General Motors, Workers Come to Agreement to End Strike — But Lordstown Plant Will Stay Closed

A deal announced Friday will mean higher pay and easier advancement for many GM workers, the UAW says. But it won't be a reprieve for an Ohio plant that once employed 4,500.

Oct 28, 2019 at 11:40 am
General Motors, Workers Come to Agreement to End Strike — But Lordstown Plant Will Stay Closed

After almost six weeks of striking by tens of thousands of workers, including some in Greater Cincinnati, the union representing General Motors employees came to an agreement with the company Friday, The New York Times reports.

The new contract between United Auto Workers members and GM means wage increases, opportunities for temporary workers to become permanent, an easier, four-year path to the company's top hourly pay tier of $32 an hour and an $11,000 bonus for each UAW worker. 

It isn't clear exactly how many of the union's 49,200 members at 55 factories and warehouses nationwide voted in favor of the contract. Some plants will fare better than others under the agreement, however. While GM's Detroit-Hamtramck plant will be saved from a scheduled January closing under the new contract and is now slated for a $3 billion expansion, for example, three others will still be shuttered under the new deal.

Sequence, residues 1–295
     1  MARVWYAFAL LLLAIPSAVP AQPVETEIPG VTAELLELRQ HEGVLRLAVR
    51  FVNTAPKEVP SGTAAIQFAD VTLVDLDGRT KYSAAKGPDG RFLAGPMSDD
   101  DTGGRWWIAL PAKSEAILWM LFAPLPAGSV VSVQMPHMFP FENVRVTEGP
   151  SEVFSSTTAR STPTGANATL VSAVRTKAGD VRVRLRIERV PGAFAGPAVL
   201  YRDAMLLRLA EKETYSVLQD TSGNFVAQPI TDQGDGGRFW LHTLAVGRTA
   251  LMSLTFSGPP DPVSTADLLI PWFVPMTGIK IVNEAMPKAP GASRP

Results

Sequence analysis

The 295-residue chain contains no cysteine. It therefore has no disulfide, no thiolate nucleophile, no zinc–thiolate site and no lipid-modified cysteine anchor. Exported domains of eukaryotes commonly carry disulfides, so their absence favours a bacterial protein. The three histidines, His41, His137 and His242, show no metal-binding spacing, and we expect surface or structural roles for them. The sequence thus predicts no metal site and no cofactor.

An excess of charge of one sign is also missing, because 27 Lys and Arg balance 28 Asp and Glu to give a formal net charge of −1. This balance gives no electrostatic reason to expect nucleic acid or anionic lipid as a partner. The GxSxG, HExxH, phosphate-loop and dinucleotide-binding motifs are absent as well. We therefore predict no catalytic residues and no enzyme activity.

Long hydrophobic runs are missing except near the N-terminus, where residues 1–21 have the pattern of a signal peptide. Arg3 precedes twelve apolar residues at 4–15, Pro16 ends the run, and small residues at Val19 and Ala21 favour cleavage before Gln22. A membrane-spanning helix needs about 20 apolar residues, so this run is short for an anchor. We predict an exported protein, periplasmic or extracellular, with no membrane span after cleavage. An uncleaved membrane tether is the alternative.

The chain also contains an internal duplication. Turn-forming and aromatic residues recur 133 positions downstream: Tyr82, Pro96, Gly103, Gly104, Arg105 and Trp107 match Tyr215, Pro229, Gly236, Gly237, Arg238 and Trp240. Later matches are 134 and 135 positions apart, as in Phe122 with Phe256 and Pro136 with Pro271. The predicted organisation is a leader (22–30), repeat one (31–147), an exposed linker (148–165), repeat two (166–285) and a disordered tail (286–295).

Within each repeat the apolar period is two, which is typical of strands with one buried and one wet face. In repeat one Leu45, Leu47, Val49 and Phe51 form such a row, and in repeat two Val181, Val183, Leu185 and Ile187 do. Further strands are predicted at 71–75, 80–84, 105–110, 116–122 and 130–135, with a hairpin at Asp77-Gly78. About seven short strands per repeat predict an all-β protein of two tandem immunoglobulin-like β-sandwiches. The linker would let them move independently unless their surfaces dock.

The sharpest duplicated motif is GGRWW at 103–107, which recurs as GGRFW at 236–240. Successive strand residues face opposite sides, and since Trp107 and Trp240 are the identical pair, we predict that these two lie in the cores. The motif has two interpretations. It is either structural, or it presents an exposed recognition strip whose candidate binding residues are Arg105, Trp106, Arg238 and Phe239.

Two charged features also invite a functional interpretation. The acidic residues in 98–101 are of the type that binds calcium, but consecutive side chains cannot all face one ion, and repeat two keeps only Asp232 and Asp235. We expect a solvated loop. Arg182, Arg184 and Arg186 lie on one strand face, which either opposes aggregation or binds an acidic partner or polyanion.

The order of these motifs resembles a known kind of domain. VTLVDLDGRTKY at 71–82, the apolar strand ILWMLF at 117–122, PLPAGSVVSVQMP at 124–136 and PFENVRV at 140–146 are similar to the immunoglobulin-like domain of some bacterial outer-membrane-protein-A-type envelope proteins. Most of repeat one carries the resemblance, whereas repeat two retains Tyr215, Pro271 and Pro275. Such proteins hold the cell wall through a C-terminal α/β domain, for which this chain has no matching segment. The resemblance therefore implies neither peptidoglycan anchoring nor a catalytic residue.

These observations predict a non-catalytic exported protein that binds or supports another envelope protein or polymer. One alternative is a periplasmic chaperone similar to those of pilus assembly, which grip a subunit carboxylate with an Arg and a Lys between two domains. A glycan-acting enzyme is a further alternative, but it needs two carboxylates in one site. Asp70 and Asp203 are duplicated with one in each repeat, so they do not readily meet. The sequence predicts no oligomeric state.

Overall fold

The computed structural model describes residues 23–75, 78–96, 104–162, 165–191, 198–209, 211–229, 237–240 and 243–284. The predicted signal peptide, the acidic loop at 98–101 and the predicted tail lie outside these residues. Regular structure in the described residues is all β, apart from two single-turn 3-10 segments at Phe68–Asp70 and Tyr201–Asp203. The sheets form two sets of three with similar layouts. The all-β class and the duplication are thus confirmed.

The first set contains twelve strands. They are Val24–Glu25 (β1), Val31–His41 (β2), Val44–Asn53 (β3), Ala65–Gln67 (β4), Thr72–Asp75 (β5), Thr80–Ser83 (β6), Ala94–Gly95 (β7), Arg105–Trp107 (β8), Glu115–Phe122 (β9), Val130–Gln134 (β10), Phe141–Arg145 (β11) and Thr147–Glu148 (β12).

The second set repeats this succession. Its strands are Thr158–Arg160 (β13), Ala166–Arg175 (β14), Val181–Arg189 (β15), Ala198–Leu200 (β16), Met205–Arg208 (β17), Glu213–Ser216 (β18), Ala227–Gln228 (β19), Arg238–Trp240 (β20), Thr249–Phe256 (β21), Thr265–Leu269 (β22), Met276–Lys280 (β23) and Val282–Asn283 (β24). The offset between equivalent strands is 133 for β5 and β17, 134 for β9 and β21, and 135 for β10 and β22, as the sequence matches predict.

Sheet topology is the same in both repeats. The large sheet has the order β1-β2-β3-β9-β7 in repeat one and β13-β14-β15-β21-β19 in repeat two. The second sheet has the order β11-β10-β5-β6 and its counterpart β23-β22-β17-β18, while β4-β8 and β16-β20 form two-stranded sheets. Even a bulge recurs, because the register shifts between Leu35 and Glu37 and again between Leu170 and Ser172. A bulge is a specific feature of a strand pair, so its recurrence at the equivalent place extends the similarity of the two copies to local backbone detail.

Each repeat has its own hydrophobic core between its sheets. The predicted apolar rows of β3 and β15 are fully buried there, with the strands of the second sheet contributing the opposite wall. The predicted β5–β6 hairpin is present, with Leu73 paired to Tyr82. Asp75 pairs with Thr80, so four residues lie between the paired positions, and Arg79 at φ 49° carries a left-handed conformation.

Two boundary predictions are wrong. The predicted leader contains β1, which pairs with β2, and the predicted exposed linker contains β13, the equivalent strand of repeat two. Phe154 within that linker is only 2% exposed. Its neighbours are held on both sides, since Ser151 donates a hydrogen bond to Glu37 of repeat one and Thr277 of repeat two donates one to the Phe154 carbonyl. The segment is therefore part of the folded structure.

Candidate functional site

Those include Ohio's Lordstown plant, which has been the focus of national attention. GM once manufactured the Chevy Cruze there, but shuttered the factory in March and is looking to sell it. Just two years ago, 4,500 people worked there. 

“We just wanted them to remember that what happened to us can happen to them ’cause there’s nothing in this contract that stops GM from showing up unannounced at their plant the Monday after Thanksgiving — for example, like they did to us — and telling them they’re done,” UAW Local 1112 President Tim O’Hara told local media Oct. 26.

GM has discussed opening up a battery plant near the current facility, though the jobs at that plant would be lower-paying. A company called Lordstown Motors Corp., a subsidiary of Loveland-based electric truck manufacturer Workhorse Corp., has floated buying the plant and employing about 400 people there. However, it must raise money for the purchase. The company has bid on a large contract to build electric trucks for the U.S. Postal Service.

“We don’t know the timeline on that," O'Hara said. "I mean, it could be one to two years from now. Obviously, we can’t sustain… financially, for that long of a period."

The now-concluded strike included workers from a GM distribution center in West Chester Township just north of Cincinnati. Many of the roughly 100 workers employed at that site picketed there during the weeks leading up to the agreement.